Cambridge University renames ‘The Colony’ building due to slavery connotations

The Colony accommodation block has now been renamed Castle Court (Picture: Facebook)

A university accommodation building has been renamed due to slavery ‘connotations’.

The Colony, a series of converted houses, houses second and third year undergraduate students at Cambridge University’s Clare College.

Following concerns over the Colony’s connotations, the decision has been made to change its name.

The buildings have no direct links to slavery.

A Clare College spokesperson said: ‘It has become increasingly clear that the informal name for the site between Chesterton Lane and Castle Street has connotations which do not reflect the values of the college.

‘The site is therefore being redesignated as Castle Court.’

Cambridge’s Clare College is known as a liberal and progressive college, leading the way in 1972 in admitting female students alongside Churchill and King’s.

The Colony buildings had been situated at the nearby Chesterton Lane.

The news of the name change comes after Jesus College’s campaign to remove a memorial plaque to Tobias Rustat, a college benefactor and investor in the slave trade, from its chapel.

The college fought the Church of England in a consistory court case in February to remove the memorial to an alternative space but ultimately lost the case.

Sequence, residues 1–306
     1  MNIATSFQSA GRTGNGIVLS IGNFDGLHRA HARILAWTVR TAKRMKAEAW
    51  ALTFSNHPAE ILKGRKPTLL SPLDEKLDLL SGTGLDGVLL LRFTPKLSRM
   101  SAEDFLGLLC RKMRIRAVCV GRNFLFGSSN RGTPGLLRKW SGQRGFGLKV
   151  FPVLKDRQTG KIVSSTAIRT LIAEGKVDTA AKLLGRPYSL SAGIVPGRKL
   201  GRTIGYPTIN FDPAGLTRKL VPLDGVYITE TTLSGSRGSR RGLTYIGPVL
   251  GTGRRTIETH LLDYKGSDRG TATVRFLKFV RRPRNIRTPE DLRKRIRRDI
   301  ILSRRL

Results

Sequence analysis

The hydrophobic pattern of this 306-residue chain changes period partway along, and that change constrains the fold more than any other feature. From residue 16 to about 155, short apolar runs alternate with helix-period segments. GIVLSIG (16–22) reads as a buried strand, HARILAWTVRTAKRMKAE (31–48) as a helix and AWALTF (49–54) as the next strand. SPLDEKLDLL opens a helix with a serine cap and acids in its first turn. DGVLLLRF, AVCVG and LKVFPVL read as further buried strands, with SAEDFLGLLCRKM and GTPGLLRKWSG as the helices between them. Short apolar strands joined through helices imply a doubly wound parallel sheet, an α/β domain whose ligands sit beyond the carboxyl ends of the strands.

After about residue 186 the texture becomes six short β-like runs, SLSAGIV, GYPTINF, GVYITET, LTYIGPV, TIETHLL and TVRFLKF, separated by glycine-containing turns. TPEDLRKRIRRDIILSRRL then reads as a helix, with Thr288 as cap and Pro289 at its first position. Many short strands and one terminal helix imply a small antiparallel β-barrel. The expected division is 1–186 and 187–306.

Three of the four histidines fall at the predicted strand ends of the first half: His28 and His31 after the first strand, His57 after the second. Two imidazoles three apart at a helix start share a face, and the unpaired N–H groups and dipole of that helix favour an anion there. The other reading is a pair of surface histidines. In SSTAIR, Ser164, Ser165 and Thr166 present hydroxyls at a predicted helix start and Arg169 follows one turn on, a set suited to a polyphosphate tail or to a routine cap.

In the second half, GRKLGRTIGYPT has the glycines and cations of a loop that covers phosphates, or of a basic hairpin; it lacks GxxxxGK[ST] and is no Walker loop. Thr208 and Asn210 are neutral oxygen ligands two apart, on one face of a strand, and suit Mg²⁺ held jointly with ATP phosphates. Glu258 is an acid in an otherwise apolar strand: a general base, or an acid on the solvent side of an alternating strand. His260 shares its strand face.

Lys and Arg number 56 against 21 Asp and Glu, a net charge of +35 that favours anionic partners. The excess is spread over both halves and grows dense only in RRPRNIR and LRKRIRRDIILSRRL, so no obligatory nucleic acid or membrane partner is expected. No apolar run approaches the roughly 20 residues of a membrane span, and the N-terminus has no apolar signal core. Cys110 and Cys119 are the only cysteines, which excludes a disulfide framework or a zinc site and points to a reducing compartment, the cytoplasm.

In 2021, the college also returned a Benin Bronze – a sculpture of a cockerel – to Nigeria’s National Commission for Museums and Monuments.

The cockerel sculpture was stolen by British colonial forces in 1897 and gifted to Jesus College in 1905 by the father of a student.

Archivist Robert Athol with the bronze statue of a cockerel called The Okukor (Picture: PA)

And in 2019, St Catharine’s College removed the Demerara bell from public view as it was believed it was used on a slave plantation in Guyana.

In the same year, Cambridge created an advisory group on the legacy of slavery at the university.

The group is researching the institution’s involvement in the Atlantic slave trade and other historical forms of coerced or indentured labour.

‘While it may be impossible to definitively establish the full extent of the university’s involvement, a growing understanding of that involvement should be central to the university’s efforts to address some of the structural inequalities that are a legacy of enslavement,’ a statement said.

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